Anyone could need this help

March 31 2014

PEOPLE in Downend are being urged to take a new lifesaving campaign to their hearts.

PEOPLE in Downend are being urged to take a new lifesaving campaign to their hearts.

Martyn Poole, of Downend Connect, wants groups and individuals to raise money to install defibrillators in key locations to help cut the risk of deaths from cardiac arrest.

He has been inspired by Elaine Stiddard, whose life was saved by a quick response when she collapsed at a choir practice in Frenchay Parish Hall.

She has since spearheaded efforts to place two community defibrillators in Frenchay Village. Mr Poole would like to see Downend and Staple Hill follow her lead.

He plans to invite groups such as Round Table, Rotary, WI and Probus to get involved and would like to hear from anyone who can help.

“Heart attacks strike without warning and cause 100,000 deaths in the UK each year. It can happen to anybody and it is something you don't think about until it happens to you or to someone you know,” he said.

Less than five per cent of victims of sudden cardiac arrest survive but defibrillation within three minutes increases the chance of survival to over 70 per cent.

This is what has prompted a number of local communities, including Pucklechurch and the University of the West of England, to install defibrillators, with the backing of the ambulance service.

The lifesaving devices are housed in remotely controlled cabinets, which have power and a secure connection over the internet so the defibrillator can be continuously monitored and the temperature maintained. The ambulance service can remotely unlock the device and send an alert to a nominated locals who can help with treating the patient until the 999 crew arrives. Anyone can use the defibrillators with telephone instruction from ambulance HQ.

The defibrillators costs £2,500 each and the cabinets £800.

There are many causes of a cardiac arrest. In young people, it might be an undiagnosed genetic defect but for the majority the cause is a “heart attack” where a sudden blockage of a coronary artery cuts off the blood supply to an area of heart muscle, starving it of oxygen and causing chest pain.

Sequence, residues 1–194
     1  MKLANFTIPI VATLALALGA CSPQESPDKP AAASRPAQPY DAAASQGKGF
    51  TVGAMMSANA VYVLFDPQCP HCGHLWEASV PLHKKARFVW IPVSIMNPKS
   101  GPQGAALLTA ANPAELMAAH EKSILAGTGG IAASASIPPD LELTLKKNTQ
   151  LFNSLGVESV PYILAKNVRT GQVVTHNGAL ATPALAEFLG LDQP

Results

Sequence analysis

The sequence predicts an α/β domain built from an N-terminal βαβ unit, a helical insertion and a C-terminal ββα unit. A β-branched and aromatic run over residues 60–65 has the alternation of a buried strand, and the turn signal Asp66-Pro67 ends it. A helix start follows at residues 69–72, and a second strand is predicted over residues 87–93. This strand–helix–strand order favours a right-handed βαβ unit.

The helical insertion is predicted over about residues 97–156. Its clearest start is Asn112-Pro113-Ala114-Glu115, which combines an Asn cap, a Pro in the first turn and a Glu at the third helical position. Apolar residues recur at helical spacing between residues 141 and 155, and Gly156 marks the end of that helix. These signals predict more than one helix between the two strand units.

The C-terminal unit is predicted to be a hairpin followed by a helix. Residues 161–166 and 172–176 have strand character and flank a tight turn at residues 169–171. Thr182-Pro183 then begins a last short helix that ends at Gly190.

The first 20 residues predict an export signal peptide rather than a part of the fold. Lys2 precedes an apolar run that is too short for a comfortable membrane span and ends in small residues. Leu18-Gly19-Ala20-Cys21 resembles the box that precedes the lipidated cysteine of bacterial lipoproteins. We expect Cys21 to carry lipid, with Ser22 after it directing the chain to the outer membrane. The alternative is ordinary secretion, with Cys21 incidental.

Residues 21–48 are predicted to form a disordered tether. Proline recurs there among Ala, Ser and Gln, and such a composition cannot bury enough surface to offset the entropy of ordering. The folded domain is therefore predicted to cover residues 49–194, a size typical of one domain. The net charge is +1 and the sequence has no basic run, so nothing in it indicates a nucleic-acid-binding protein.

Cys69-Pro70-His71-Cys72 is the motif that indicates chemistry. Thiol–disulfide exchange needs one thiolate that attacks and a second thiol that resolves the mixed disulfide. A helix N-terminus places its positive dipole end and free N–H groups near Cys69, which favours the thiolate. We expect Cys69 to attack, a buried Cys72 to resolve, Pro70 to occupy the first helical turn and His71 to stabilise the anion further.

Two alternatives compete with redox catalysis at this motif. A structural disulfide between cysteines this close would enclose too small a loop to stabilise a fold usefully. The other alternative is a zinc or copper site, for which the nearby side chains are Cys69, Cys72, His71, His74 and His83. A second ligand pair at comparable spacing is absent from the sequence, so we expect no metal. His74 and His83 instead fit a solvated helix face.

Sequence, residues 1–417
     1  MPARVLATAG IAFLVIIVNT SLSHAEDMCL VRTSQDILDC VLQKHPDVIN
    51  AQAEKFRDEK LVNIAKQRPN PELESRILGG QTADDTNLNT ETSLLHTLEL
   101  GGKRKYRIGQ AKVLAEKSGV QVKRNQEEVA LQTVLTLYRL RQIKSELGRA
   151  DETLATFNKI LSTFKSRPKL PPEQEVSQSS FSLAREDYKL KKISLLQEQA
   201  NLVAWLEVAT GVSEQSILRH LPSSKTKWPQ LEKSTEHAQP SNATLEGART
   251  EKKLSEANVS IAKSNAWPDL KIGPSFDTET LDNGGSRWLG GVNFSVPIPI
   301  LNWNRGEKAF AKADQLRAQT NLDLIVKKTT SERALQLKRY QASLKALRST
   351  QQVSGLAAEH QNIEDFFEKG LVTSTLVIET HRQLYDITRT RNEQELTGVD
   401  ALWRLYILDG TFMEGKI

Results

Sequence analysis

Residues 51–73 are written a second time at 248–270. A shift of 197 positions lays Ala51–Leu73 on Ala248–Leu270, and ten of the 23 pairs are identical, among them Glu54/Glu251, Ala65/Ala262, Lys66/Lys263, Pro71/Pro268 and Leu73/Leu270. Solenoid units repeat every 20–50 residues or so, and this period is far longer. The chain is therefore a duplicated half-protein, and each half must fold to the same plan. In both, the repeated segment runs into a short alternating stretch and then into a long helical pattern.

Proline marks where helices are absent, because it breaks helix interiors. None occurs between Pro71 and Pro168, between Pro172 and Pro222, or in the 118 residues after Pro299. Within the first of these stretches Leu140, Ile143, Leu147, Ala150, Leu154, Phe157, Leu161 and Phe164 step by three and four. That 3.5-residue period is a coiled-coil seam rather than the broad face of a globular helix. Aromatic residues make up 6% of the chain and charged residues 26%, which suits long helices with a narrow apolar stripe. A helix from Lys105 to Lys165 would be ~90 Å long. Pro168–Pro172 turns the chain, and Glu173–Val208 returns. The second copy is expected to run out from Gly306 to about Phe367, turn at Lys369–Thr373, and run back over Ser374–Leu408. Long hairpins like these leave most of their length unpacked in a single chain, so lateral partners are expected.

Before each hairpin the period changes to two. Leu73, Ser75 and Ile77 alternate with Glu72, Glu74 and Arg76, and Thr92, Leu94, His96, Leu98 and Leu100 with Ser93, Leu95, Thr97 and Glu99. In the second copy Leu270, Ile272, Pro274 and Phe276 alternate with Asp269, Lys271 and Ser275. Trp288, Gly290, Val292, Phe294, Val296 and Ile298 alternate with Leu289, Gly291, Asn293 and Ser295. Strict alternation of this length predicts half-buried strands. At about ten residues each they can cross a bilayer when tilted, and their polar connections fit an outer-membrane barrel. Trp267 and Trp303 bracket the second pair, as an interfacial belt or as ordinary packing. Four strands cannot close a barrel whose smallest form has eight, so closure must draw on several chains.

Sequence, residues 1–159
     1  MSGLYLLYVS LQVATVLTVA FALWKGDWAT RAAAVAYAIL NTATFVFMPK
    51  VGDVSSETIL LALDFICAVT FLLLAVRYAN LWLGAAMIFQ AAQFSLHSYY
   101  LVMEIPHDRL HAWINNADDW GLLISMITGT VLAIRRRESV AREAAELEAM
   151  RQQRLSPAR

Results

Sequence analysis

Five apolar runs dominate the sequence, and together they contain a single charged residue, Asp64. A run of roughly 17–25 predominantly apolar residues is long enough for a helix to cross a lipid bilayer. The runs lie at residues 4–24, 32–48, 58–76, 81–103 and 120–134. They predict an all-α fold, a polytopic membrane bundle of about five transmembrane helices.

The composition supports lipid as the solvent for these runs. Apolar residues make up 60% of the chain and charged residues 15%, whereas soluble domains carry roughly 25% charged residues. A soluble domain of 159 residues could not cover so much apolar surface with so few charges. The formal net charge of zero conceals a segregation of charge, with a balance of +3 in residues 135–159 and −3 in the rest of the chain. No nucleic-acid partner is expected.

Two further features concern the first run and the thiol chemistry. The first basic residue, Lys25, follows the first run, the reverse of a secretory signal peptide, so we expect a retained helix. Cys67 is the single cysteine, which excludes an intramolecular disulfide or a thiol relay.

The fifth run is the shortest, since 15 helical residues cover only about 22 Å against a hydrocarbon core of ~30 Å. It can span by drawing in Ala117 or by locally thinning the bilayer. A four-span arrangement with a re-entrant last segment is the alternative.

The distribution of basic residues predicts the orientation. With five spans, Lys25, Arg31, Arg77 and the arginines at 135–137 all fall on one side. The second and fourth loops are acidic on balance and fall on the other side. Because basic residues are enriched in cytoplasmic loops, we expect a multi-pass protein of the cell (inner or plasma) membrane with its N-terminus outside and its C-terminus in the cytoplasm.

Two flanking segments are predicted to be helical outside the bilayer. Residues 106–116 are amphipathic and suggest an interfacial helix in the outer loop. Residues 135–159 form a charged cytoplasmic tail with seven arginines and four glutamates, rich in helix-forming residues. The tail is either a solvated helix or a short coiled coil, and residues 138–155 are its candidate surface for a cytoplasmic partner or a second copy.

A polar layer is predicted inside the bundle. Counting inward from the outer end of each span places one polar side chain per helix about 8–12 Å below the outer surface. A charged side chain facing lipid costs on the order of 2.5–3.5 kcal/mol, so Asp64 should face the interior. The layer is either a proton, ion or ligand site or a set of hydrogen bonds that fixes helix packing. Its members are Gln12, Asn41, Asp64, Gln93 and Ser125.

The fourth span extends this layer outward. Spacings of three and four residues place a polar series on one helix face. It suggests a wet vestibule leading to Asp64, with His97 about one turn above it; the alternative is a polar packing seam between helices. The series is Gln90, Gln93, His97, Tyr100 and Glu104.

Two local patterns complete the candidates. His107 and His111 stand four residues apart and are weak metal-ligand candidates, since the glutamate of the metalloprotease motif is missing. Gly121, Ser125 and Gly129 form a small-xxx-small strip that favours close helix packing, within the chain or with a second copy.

Anyone interested in supporting the campaign should contact Mr Poole on 0117 9570805 or email him at


ELAINE Stiddard knows she is incredibly lucky. When she collapsed at choir practice in Frenchay Village Hall, an ambulance crew was there within a few minutes.

“My friend had started CPR and the ambulance team brought a defibrillator to shock my heart into starting again,” she said. “It took them six to eight attempts to get me going again. My heart was stopped for 20 minutes.”

Elaine, 70, was in a coma for eight days and in the Bristol Royal Infirmary for five weeks last summer but has made a good recovery.

She knows that she would not have made it without defibrillation and her experience has made her determined to spread awareness of the need for the lifesaving devices.

Elaine has led efforts to get two defibrillators for Frenchay, one outside the village hall and another at a site to be agreed, and she is fully behind a campaign for Downend.

“I felt strongly that this was needed, because once the hospital shuts there will be nothing medical-wise in Frenchay,” she said. “these defibrillators will beneift everyone in the village as well as visitors.

“Heart attacks can strike anyone any time. I didn’t feel a thing.”